Publisher: Poolpeg Press Ltd | Published: 23rd October 2014 | Edition: Paperback
There’s an almost lyrical quality to the writing in The Songbird’s Way, which makes it a book you can truly wind down with. It was somewhat different to anything else I would normally read, so I was surprised by how much I was drawn into the mood of the story.
Great things are happening for Chrissie: after a previous career touring in a Irish music group, her teaching career now seems to be taking off. She has a relationship with a reliable man, Tim, who can offer her everything she could ever wish for, and yet, as she approaches a time of celebration on her thirtieth birthday, she is surrounded by uncertainty as to the path she feels she is destined to take in life, rather than is expected to take.
She fears that if she doesn’t confront her negative feelings soon, the changes that are happening will escalate out of her control and she could find herself being swept along in a life she cannot image herself living; she’s torn as to whether that would be such a bad thing.
Only by taking the advice her best friend and revisiting past tragedies can she find a way to move forward. But will she find the courage to decide what is right for her without hurting the people she cares about most? When she feels a mysterious affinity with an elderly lady that she reads about in the newspaper and her unusual and interesting life, this only creates more turmoil in Chrissie’s life.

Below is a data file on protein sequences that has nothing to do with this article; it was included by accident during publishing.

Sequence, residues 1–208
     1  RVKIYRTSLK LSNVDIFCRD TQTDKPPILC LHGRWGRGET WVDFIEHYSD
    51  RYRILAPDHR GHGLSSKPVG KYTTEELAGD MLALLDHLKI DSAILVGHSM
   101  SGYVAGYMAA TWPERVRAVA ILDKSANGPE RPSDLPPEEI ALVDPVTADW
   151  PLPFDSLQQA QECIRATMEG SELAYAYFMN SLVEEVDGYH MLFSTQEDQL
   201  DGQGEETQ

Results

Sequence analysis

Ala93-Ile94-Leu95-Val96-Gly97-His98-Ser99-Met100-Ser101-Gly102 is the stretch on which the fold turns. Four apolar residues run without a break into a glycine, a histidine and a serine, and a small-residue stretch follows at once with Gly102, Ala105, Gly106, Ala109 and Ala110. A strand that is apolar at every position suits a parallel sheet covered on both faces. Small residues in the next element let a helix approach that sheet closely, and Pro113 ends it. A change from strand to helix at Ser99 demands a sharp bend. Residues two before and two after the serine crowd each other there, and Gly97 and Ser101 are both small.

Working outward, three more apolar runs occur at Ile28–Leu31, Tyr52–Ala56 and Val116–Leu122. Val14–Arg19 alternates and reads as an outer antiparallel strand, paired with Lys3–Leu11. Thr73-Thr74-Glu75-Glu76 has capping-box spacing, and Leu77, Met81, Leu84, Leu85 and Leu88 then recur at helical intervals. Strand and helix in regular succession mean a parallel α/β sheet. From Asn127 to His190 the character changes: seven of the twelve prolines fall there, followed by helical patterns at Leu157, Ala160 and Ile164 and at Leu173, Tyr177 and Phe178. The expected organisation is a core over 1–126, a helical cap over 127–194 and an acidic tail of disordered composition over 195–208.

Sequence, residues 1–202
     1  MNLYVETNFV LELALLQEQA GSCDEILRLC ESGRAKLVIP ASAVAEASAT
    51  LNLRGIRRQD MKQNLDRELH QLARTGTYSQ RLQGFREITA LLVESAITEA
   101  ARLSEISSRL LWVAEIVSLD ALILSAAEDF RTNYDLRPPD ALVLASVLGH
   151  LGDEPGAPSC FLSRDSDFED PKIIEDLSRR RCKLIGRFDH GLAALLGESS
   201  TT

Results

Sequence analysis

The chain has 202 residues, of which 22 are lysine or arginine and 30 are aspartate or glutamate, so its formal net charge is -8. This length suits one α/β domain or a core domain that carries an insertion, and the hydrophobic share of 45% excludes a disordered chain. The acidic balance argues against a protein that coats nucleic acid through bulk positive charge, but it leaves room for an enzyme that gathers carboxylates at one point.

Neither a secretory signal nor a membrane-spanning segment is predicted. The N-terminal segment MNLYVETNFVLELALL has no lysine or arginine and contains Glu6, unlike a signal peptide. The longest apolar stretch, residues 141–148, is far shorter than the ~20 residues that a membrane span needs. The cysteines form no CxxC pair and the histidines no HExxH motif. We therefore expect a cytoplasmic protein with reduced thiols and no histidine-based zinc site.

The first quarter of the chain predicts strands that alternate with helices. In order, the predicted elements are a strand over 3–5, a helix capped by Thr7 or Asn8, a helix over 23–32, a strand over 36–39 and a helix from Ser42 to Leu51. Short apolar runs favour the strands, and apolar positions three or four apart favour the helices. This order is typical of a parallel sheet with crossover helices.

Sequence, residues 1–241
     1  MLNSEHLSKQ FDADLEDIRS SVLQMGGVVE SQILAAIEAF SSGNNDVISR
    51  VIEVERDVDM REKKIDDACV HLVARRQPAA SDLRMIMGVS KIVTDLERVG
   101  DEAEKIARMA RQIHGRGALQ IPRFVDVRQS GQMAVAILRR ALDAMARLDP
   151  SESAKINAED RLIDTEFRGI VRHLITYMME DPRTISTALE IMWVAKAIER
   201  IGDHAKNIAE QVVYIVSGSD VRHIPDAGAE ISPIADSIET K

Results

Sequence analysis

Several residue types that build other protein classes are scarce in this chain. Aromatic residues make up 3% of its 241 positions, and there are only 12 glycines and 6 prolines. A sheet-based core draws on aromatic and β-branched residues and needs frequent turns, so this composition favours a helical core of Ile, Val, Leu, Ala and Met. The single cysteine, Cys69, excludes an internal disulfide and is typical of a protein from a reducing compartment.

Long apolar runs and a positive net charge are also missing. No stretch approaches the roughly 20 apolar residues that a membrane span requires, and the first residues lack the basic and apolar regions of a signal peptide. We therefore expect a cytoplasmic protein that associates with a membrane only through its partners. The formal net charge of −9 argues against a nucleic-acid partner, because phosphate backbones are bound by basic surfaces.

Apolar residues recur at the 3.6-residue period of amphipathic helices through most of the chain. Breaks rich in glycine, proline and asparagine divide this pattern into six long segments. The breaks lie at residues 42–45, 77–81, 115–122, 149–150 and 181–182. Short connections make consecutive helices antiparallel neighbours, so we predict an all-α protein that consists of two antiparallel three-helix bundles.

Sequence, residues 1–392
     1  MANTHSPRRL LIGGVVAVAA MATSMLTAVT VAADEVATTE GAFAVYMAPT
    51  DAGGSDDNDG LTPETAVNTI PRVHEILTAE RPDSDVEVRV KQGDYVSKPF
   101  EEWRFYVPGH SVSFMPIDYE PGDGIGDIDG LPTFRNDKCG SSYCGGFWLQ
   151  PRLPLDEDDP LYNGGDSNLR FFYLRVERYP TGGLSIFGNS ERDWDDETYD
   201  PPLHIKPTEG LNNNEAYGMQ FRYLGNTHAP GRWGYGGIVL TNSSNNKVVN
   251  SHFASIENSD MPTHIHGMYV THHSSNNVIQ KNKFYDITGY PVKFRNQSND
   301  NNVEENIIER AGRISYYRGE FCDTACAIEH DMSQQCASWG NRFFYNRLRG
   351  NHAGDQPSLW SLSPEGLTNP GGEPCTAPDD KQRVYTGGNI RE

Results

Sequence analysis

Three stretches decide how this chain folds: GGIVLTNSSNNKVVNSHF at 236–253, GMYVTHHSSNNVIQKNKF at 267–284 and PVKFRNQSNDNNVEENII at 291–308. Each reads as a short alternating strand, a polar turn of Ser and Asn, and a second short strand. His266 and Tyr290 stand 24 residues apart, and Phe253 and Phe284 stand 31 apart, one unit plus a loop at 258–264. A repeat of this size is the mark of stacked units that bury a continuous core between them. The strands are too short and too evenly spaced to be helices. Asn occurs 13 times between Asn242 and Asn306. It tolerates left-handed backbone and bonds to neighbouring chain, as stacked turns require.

Chrissie’s story is told from when she is a little girl, until the present day. We learn about her parents and the affect they still have on her life. Her mother was a travel writer and often away from home, but Chrissie relished hearing about her adventures. Her father had a stall selling records in the market, his roots firmly planted in England with his young daughter at his side; his death was a poignant moment in the book.
I really enjoyed the travel and traditional musical influences that are common thread blending the three Countries of England, Ireland and Africa into the story. Even though there’s much to contribute, at no time is Chrissie’s voice rushed and the scene-setting is sublime.
Like I say, I was surprised how much I loved Chrissie’s journey to her final destination – it was a truly memorable one.
(Many thanks to the Publisher Poolbeg for sending me a copy of this book – I will admit, I was pleasantly surprised when it arrived a while ago, as I wasn’t expecting it – so a huge thank you.)
You can follow the author on Twitter: @JenBarrettEye | Publisher: @PoolbegBooks